Honey Balls

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Honey Balls
cookbook: Lidia's Italian-American Kitchen
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serves: 10 servings

You may have seen struffoli jazzed up with pine nuts, candied fruit or slivered almonds. Sometimes they are piled into one big mound, sometimes shaped into several smaller mounds, or, especially around the holidays, formed into a wreath. Once you have the basics down, you can go off in any direction.


For the Dough
3 cups all-purpose flour
1 tablespoon sugar
Zest of half a lemon, grated
Zest of half an orange, grated
pinch salt
4 large eggs
1 tablespoon unsalted butter
1 teaspoon grappa, rum, or vanilla
3 cups vegetable oil for frying

For the Honey Syrup
2 cups honey
½ cup sugar
⅓ cup water
¼ cup small colored sprinkles


Stir the flour, sugar, lemon and orange zest and salt together in a bowl and turn it out onto a clean work surface. Make a well in the center of the dry ingredients and add the eggs, butter and grappa to it. With your fingertips, work the eggs, butter and grappa together until more or less blended, then begin working in the dry ingredients. Continue working the dough until it is smooth and evenly blended. Gather the dough together into a ball, wipe the dough from your hands and add it to the dough ball. Clean your hands and the work surface, flour both lightly and knead the dough until smooth, 3 to 4 minutes. Wrap the dough in plastic wrap and let stand at room temperature 1 hour.

Pull off a plum size piece of the dough and roll it out with your palms and fingers to a rope about 1/3 inch in diameter. Repeat with the remaining dough. Cut the dough ropes crosswise into 1/3-inch lengths. Roll the pieces of dough between your hands into balls.

Pour the oil into a wide, deep skillet or braising pan and heat over medium heat until a deep frying thermometer registers 350 degrees F or a dough ball gives off a lively sizzle when slipped into the oil. Carefully slide about one-fourth of the dough balls into the oil and fry, turning and immersing them with a wire skimmer or slotted spoon, until golden brown on all sides, about 4 minutes. Transfer them with the skimmer to a paper towel-lined baking sheet to drain, first allowing any excess oil to drip back into the pan. Repeat with the remaining dough balls, allowing the oil to return to the correct temperature before frying the next batch.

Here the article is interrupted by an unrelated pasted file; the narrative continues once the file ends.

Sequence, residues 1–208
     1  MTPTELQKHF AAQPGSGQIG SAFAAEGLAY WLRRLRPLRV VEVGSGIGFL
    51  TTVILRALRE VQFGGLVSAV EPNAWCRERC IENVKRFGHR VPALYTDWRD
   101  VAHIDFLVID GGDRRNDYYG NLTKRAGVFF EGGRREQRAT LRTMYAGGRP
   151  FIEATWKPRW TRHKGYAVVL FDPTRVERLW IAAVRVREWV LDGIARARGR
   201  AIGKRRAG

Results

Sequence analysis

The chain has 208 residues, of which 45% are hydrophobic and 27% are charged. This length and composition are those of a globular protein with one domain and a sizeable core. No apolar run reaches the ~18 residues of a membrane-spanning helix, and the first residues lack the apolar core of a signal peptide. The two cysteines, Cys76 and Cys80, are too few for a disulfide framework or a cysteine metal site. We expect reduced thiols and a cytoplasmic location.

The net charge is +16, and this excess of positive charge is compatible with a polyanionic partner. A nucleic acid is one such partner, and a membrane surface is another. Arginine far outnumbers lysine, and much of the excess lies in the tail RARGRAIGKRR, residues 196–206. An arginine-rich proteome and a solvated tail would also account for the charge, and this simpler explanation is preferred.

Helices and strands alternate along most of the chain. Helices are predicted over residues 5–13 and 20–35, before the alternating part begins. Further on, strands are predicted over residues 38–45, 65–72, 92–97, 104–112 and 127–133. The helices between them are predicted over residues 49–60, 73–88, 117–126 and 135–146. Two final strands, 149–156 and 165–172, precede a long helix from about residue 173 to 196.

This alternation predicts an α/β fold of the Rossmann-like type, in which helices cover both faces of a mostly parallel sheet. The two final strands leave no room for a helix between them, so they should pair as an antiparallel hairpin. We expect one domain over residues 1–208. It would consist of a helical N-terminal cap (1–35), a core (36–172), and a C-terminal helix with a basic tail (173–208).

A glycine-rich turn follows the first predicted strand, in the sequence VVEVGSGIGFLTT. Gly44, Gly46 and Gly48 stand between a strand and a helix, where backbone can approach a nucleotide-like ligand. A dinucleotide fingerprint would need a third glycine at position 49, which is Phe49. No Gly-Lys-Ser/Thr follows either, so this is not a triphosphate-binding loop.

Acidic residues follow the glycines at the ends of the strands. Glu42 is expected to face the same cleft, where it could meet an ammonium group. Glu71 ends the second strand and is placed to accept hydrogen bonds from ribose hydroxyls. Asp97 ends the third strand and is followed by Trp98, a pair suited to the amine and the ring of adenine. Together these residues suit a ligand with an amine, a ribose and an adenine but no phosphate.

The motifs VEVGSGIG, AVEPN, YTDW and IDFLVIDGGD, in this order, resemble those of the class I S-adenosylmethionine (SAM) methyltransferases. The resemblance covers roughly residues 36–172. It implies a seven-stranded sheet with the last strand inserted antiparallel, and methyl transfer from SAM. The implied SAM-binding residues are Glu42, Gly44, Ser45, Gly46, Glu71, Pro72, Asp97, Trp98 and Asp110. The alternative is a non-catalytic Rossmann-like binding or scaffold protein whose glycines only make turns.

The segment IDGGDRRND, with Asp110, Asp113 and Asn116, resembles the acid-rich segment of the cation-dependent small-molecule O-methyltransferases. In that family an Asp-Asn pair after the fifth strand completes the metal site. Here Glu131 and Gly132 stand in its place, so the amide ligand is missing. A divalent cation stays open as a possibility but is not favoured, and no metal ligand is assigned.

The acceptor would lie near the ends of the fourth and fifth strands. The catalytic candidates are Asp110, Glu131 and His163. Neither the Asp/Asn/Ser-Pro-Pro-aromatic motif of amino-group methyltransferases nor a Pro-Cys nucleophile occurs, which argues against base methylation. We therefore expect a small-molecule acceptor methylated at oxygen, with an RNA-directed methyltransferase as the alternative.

Have a bowl of cold water and a serving plate large enough to hold the finished struffoli (about 12 inches in diameter) close by. Stir the honey, sugar and water together in a heavy wide pot large enough to hold all the dough balls over low heat until the sugar is dissolved. Increase the heat to high and bring the syrup to a boil. The syrup will foam up dramatically when it comes to a boil. Continue cooking until the foam dies down and the mixture becomes just a shade darker [ok?], about 4 minutes. Remove from the heat and immediately add all the fried dough balls. Toss them in the syrup with a wire skimmer until they are coated. Remove the dough balls from the syrup with the skimmer, allowing excess syrup to drip back into the pan first, and mound them on the serving plate like a pyramid, helping yourself with your hands from time to time, after dipping them into the cold water to protect them.

Scatter the sprinkles over the mound of struffoli until it is colorful. You may serve them the same day, however it also keeps well for several days covered loosely with plastic wrap.

Lidia's Italian American Kitchen

One of Lidia's most personal and instructive cookbooks, "Lidia’s Italian-American Kitchen", focuses on Lidia’s own experience in America, and her connection in Italian-American cuisine. It is the story of how Italian-American cooking is a cuisine born of adaptation and necessity, created by new immigrants who tried to recreate the flavors of their homeland using whatever American ingredients they had access to.

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